This is a workshop for individuals currently or potentially involved in a dam removal project (including engineers, biologists, hydrologists, environmental scientists, planners, project proponents, managers, and others). We will introduce participants to key project drivers and explore how community concerns are integrated into dam removal planning. We will focus on how to start, plan, and complete a dam removal project, addressing how dam removal projects are currently being initiated, funded, managed, designed, permitted, and implemented. The speakers have diverse work and educational backgrounds and are all experienced in dam removal. We hope that participants become familiar with some of the challenges, differences, and similarities of dam removal projects. The workshop will be taught using case studies and will include:

  • Project management and planning
  • Project funding
  • Engineering design for dam removal and associated site restoration
  • Regulatory processes
  • Construction
  • Lessons learned

This workshop is free and open to the public. Registration is required. Participants are encouraged to join the West River Restoration field trip to continue the lessons being discussed in this workshop.

New Haven Urban Oasis and Schoolyard Habitat, 9:00 am to 12:00 pm

Did you know that New Haven is one of a handful urban wildlife refuges designated by the U. S. Fish and Wildlife Service across the country? Discover urban oases for people & wildlife, and learn more about this effort to restore habitat in an urban environment. Explore urban oases at Beaver Ponds Park, Southern Connecticut State University, and King Robinson School, as well as a brand-new city park created by neighbors and partners on Cherry Ann Street. Walk through the Southern Connecticut State University campus, and then by the Hamden Transfer Station, B’Nai Jacob Cemetery, and the site of a new police firing range, and on  learning about sustainability efforts and environmental justice concerns at these locations. Then join in a tour of an educational wetland and schoolyard habitat at Common Ground, and venture down to a new urban oasis created by high school students along Wintergreen Brook.  Along the way, meet the young people, partners and neighbors who are creating and stewarding these urban oases.Total walking distance approximately 3 miles, on trails, roads, and sidewalks; wear appropriate footwear and clothing. Heavy rain cancels. Questions? Contact Joel Tolman at 203.809.4164 or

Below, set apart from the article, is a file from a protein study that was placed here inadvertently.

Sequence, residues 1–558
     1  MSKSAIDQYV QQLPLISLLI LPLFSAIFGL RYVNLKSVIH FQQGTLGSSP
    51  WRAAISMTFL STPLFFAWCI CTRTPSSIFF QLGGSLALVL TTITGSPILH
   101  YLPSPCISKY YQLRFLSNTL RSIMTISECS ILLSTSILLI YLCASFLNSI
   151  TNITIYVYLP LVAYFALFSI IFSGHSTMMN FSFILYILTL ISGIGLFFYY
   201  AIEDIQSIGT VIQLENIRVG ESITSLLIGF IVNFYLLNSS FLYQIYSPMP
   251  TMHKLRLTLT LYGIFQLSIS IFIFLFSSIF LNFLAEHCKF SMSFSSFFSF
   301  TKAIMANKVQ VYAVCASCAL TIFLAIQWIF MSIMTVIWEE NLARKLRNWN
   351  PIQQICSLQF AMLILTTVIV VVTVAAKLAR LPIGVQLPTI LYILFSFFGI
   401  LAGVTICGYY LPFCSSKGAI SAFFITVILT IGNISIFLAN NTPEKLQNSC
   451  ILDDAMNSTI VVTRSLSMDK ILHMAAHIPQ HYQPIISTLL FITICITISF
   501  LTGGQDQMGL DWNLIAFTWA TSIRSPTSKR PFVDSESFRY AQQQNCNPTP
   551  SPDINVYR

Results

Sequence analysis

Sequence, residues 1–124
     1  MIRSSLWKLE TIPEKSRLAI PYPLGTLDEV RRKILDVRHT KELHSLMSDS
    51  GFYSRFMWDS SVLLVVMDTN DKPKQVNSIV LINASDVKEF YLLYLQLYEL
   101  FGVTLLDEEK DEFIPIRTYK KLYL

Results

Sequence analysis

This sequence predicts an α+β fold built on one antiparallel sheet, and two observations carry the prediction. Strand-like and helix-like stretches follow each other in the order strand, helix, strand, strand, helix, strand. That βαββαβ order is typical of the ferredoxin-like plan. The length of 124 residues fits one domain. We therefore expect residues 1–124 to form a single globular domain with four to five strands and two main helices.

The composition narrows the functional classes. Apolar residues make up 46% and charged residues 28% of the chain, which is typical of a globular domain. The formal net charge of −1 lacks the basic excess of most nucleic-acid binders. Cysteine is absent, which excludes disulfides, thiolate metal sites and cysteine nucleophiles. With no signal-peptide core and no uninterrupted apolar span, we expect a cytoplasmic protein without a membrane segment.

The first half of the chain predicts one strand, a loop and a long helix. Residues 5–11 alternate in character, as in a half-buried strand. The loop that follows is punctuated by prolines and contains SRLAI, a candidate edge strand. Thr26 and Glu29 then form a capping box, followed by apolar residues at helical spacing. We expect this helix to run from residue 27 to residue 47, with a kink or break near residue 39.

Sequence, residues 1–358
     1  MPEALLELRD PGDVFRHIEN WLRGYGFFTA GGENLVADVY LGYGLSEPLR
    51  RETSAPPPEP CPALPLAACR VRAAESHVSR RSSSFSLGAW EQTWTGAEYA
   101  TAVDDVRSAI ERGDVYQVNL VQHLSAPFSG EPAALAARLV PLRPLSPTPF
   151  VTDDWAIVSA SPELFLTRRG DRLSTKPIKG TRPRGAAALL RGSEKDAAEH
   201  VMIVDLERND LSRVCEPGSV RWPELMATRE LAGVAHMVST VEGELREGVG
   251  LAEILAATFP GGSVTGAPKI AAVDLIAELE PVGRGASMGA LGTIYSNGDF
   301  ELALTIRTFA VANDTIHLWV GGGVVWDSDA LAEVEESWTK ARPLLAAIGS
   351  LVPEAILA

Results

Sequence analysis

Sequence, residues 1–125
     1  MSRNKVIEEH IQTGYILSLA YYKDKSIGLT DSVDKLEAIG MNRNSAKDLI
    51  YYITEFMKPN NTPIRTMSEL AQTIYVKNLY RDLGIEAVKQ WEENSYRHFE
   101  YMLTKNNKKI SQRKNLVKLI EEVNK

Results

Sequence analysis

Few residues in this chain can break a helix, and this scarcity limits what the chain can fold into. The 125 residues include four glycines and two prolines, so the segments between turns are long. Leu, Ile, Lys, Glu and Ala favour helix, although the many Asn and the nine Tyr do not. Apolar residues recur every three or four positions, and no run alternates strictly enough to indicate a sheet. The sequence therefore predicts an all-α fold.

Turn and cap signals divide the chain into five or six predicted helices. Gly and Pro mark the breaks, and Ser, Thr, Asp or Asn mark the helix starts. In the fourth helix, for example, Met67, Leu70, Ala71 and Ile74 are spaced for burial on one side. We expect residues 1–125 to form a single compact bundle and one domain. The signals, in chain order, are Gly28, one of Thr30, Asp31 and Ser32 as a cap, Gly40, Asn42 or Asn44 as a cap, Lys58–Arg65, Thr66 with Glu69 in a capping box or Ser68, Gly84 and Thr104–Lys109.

This field trip is free and open to the public. Registration is required.

West River Restoration: Pond Lily Dam Removal and Restoration of Tidal Flow, 1:00 pm to 4:00 pm

This field trip highlights two river restoration projects on the West River in downtown New Haven: the removal of the Pond Lily Dam and the alteration of tide gates at the West River to restore a tidal marsh. Both of these locations provide essential refugia within a dense urban matrix. The site of the former Pond Lily Dam is behind a strip mall, and yet is on an important nature preserve and the removal of this dam supports the return of fish such as river herring. The West River tidal marsh restoration is within the West River Memorial Park, a park designed by Frederick Olmsted, and now an important urban oasis for wildlife.

This field trip is free and open to the public. Registration is required.